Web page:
12-14 Brentnall Street, MystertonOwner Richard Fairley, the Townsville Grammar School principal, enjoyed 11 years in the home with his wife and two children.Mr Fairley has announced his retirement and the family now plan to move south.He said his children were upset the house had been put on the market as so many happy memories had been shared there. 12-14 Brentnall Street, MystertonMr Keyes said the property had everything buyers were looking for in a home in Mysterton and he expected it to pull at people’s heartstrings.“Leafy quiet streets with the big block and a grand Queenslander is what people come to Mysterton for,” he said.“There is no doubt character homes are far more emotive than clinical contemporary homes where every second home is a cookie cutter version of the one next door.“These homes really do stir up those emotions.” 12-14 Brentnall Street, MystertonKeyes & Co principal and selling agent Damien Keyes said it was rare to come across a property with so much character.“It’s definitely maintained its character appeal and that hasn’t been compromised,” he said.“The position on the block being on the corner still allows a nice big pool to be added without losing any yard space out the front and down the side.“We’ve had a mix of families looking at it and it caters to both.“It would certainly suit someone looking to come from a larger two-storey property to a property on a low level.” 12-14 Brentnall Street, Mysterton“It’s truly beyond belief to come home to this house every day and walk through the front door when you have such a sense of history and character,” he said.“These homes were built for the climate and the peace and tranquillity that pervades the ambience of the house is just magical.“I love the front veranda and to be able to enjoy a moment of peace and solitude on that veranda and listen to the birds and feel the morning breeze … it’s just an amazing place to have.“As a family we just have so many happy memories of friends visiting and children growing up.More from news01:21Buyer demand explodes in Townsville’s 2019 flood-affected suburbs12 Sep 202001:21‘Giant surge’ in new home sales lifts Townsville property market10 Sep 2020“Mysterton has to be the best-kept secret in Townsville because it’s such a small suburb. It’s literally just a couple of streets and it’s just such a character suburb.” 12-14 Brentnall Street, MystertonIN GREEN and leafy Mysterton, behind a white picket fence, is 12-14 Brentnall St. The house, it is believed, was only the second to be built in the tightly held suburb, renowned for its Queenslanders and character homes. Now the historic house will go to auction on October 10. 12-14 Brentnall Street, MystertonThe immaculate home is set on a 971sq m corner block and has character features such as tongue and groove panelling, casement windows, timber louvres and high ceilings.Three of the bedrooms are double in size while the spacious master bedroom is surrounded by timber louvres and casements with access to the enclosed veranda.The lawns and gardens can be kept green all year round with a well with pump supplying water. 12-14 Brentnall Street, Mysterton For more information callDamien Keyes on 0418 781 421.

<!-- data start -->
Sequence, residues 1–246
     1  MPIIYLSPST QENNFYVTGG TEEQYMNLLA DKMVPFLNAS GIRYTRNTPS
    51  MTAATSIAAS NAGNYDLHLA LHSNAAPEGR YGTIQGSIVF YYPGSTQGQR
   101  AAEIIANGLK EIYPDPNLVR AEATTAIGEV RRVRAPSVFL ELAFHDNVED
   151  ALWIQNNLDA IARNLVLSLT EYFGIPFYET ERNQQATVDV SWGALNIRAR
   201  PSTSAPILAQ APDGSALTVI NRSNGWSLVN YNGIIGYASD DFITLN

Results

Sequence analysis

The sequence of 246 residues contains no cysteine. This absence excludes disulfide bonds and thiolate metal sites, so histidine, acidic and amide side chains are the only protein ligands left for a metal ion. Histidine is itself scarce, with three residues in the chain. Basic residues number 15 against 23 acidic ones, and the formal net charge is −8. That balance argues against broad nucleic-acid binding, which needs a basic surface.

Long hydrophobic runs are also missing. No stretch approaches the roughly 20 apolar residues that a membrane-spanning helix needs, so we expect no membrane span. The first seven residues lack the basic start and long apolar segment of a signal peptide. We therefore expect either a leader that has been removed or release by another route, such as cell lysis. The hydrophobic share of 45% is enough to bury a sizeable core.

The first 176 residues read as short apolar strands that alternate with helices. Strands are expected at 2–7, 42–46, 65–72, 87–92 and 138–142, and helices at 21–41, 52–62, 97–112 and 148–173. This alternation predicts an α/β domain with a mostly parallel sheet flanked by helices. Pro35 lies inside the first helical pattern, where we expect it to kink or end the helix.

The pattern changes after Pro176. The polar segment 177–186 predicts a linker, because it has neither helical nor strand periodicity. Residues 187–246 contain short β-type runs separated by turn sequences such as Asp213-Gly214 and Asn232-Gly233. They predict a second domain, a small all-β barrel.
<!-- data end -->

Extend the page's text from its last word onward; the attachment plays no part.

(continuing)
GPs, it is generally held, can add value in three ways. The first is by leveraging the transaction and repaying the debt before selling the company. If the enterprise value remains unchanged, replacing debt by equity by using internal cashflows to pay off debt would make the equity holders better off.The second way is by improving the operations of the portfolio company, and the third is by selling the company at a higher price/earnings valuation multiple than the multiple for which it was bought.According to Vasvari, the LBS research is based on greatly improved datasets than were available in the past. These are primarily from Standard & Poor’s Capital IQ database, supplemented by a number of other sources. The private equity dataset is improving all the time – US pension funds have been forced to disclose information on their PE investment cashflows and fees, and more GPs are realising there is value to be gained indirectly, at least for them, by creating greater transparency. As a result, the conclusions are not only more robust but overthrow, the LBS team argues, some of the negative results of previous studies comparing listed and private equity.The LBS report argues that value creation is initiated at the moment of acquisition, as, on average, private equity funds pay EBITDA multiples that are more than 8% lower than the valuation multiples paid by public corporations for similar deals. These discounts are particularly significant at the smaller end of the market, where there is less competition. This is perhaps unsurprising, as trade buyers may be prepared to pay higher prices because they can generate synergies with their existing businesses PE firms cannot (although another reason suggested is that GPs are likely to be better negotiators than their public peers).LBS also finds that GPs managing smaller funds of less than $500m (€448m) tend to generate the most post-acquisition sales growth at portfolio companies. They attribute this to a strategic focus on effective investments in growth, and capital expenditures without increasing leverage. In contrast, GPs managing large funds pursue greater operational improvements, as opposed to growth strategies, as their companies show much greater EBITDA growth than the companies owned by smaller funds.The report finds evidence of persistence of outperformance. Established GPs with management of 10 or more funds achieve significantly higher EBITDA and asset growth than the less-established GPs. They also make greater investments partly funded by debt. LBS attributes this to GPs with more funds under management having developed deeper knowledge on the operational side, whereas newer GPs appear to focus on sales growth.Another interesting finding is that, relative to benchmark non-PE-owned firms, matched year by year, industry and other characteristics, companies acquired by private equity firms increase their leverage, operating profitability, assets and sales over the first three years of PE ownership. LBS argues that this shows that GPs, while focused on growth, are also generating significant operational improvements.The LBS research is interesting as a statistical exercise in providing evidence of value creation. For investors, the question that was not asked may be just as relevant – would a passive listed equity fund leveraged to the same extent as the average private equity fund covering the same region underperform or outperform the average private equity fund net of fees? If that can ever be proven, then private equity may be an asset class in which every pension fund should invest. Joseph Mariathasan is a contributing editor at IPE Joseph Mariathasan considers London Business School research aiming to quantify PE’s true valueA key plank of private equity (PE) investment has been the claim PE firms can create more value through ownership than owners of publicly listed companies. Professor Florin Vasvari and his colleagues at the London Business School (LBS) have recently published some research that attempts to quantify evidence of how value is being added. This research is important in the ongoing debate as to whether and how PE adds value, and whether PE firms can justify the fees they charge.Because general partners (GPs) of private equity firms usually control the boards of their portfolio companies, they are generally more actively involved in governance than the directors and shareholders of publicly listed companies. Many GPs would also try to use their own industry and operating expertise to add value while structuring strong equity-based incentive schemes for the company senior management.Many recent studies quoted by LBS provide strong evidence that LBOs create value by significantly improving the operating performance of acquired companies. Some also argue that leverage can improve performance through the discipline it imposes on management, putting pressure on them not to waste money or misappropriate resources.